ENGLISH BIRDS IN INDIA.
• Some paragraphs on bird thigration,and on the introduction, of goldfinches into Australia, have brought letters from
readers of the Spectator in various districts of Arilea and of India. : A particularly interesting query comes from the Nilgiri Hills. B. C. H. writes " My land, which is on the high plateau in the centre, has several species of birds which seem to be identical with British birds, i.e., blackbird (similar in_appearance and song), nuthatch; and great tit:- I haVe. observed the great tit with some care. In all seasons it seems to be songless. The nuthatch is a dependable visitor; travelling in company with the great tit. In the one hundred years. of British occupation of the Nilgiris, I can find no record of there having been any importation of birds. I believe that the blackbird is Himalayan and not identical ornithologically with the British blackbird, and it may be established that these birds, great tit, blackbird, and nuthatch, are emigrantS from the North.- in North India, along the frontier, and in the Midde East in Mesopotamia and Persia there are many familiar birds, tree creeper, cuckoo, corn bunting (Mesopotamia), nightingale, reed warbler;chiff-chaff (South Persia) and, on the frontier, the rock creeper, associated with South Europe. It is fairly easy to understand drift ' from Europe to the Middle East and North India, but it is difficult to admit an extension of this drift,' for a few species, to the very south' of the Indian continent to a minute and isolated range .of hills cut off from the northern highlands by. thousands of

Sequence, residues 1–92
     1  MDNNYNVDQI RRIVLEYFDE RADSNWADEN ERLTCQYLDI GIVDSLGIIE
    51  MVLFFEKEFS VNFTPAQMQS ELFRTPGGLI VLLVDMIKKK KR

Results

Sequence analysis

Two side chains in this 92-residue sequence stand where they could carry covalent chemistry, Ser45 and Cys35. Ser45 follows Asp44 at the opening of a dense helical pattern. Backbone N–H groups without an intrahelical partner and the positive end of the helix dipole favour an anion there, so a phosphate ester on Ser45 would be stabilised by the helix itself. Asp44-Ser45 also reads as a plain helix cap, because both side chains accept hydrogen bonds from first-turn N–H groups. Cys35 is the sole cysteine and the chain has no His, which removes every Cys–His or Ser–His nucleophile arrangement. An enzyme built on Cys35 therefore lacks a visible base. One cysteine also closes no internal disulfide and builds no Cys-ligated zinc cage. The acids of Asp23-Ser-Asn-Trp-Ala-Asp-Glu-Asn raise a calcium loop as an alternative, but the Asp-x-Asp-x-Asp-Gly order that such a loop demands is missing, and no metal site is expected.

miles of plain and low plateau where they have no habitat." _ .
Further information on this head would be of great interest to students of bird movement. a *